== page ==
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Tree-Killing Pathogen In California Can't Be Stopped

David Rizzo

Large-scale tree mortality in northern Sonoma County, California

David Rizzo

Sudden oak death has killed millions of trees over hundreds of square miles in California. A new study shows forest managers can’t stop the damage now, but measures could have been taken to reduce it.

Sudden oak death has taken out millions of oak and tanoak trees along northern coastal areas of the state, including Marin and Sonoma Counties and Big Sur.

The fungal pathogen, first detected in 1995, causes tree trunks to crack open and canker, or bleed out sap. The only way to stop it is to cut down the affected trees.

A study published in the Proceedings of the National Academy of Sciences finds that if forest managers had done that by 2002, they could have stopped the disease from spreading, but it would have come at great cost over several years. Now it’s too late.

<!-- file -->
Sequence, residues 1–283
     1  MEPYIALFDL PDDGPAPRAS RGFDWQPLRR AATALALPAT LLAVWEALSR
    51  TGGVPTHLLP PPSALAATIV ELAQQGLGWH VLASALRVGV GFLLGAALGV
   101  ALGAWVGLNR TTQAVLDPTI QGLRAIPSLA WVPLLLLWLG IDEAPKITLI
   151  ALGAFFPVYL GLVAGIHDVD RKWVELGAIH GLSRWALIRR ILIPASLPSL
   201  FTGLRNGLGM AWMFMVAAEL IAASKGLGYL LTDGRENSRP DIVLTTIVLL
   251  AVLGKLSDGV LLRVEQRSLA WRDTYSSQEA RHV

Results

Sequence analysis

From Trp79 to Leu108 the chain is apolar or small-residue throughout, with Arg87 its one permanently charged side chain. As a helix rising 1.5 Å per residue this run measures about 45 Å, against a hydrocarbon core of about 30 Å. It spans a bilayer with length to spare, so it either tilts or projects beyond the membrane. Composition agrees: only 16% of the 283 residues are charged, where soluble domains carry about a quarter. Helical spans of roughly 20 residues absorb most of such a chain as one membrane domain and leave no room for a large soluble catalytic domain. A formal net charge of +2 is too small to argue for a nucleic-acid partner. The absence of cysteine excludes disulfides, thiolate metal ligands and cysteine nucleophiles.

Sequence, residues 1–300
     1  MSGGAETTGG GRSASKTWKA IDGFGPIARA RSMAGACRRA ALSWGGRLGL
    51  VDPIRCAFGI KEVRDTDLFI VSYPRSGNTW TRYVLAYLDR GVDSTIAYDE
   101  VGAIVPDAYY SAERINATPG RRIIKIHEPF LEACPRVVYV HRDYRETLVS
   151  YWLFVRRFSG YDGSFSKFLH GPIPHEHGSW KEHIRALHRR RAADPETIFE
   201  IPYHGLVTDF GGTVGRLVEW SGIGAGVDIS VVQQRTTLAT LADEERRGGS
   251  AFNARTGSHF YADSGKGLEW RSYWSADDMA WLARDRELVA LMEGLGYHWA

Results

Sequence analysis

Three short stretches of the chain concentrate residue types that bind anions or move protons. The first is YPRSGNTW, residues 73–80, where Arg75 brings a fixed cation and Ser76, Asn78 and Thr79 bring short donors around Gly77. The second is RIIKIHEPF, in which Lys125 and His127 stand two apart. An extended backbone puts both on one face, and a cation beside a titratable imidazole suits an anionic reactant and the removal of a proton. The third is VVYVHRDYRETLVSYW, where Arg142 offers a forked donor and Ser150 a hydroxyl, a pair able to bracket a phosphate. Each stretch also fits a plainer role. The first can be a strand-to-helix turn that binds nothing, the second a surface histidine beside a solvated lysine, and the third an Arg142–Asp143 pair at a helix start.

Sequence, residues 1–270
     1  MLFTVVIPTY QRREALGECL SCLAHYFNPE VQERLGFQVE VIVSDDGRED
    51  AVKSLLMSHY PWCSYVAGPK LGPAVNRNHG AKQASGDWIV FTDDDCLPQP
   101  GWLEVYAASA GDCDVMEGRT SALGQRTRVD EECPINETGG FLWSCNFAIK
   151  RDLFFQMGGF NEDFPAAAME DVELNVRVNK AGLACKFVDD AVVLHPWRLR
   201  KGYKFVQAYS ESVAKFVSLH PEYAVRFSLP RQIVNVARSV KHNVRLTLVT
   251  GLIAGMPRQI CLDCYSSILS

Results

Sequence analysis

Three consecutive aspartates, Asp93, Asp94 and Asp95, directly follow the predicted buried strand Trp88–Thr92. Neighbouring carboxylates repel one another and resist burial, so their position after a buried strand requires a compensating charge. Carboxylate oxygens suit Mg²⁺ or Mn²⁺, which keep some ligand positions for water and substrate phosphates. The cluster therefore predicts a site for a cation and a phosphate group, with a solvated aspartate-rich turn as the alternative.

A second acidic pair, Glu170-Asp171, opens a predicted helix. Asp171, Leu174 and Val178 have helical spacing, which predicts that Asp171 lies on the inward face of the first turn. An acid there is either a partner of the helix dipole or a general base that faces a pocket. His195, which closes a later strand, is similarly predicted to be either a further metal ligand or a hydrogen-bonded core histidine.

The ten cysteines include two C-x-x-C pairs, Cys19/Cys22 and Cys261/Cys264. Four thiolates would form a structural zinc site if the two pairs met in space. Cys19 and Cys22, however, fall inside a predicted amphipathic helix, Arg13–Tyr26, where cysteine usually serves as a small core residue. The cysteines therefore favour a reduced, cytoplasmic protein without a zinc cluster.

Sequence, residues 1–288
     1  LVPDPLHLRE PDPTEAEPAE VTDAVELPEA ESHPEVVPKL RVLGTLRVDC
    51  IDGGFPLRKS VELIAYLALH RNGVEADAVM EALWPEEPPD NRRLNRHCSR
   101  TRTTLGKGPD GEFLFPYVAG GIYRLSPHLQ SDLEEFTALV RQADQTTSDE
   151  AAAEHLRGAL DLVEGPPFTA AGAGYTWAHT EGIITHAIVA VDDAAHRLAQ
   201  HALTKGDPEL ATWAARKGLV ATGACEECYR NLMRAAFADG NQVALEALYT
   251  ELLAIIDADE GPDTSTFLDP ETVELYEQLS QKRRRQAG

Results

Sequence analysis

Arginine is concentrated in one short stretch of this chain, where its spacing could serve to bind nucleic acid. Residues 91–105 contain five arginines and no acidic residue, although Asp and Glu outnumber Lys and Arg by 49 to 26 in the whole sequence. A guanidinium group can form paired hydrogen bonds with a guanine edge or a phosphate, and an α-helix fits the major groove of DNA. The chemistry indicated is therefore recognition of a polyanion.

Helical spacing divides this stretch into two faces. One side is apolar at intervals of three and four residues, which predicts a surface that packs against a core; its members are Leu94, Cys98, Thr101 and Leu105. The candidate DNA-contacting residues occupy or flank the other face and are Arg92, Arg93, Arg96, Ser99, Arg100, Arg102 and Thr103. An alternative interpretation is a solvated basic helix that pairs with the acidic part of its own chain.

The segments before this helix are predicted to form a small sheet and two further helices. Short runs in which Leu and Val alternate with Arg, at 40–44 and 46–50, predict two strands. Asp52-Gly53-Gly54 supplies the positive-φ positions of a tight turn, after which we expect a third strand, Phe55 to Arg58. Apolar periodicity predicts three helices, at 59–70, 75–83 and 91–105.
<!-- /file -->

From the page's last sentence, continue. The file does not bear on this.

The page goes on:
The study also identified where and how to fell trees to control the spread more effectively in the future. Sudden oak death is known to affect over one hundred species of trees and shrubs. Researchers say the death of large numbers of trees also exacerbates the fire risk in California.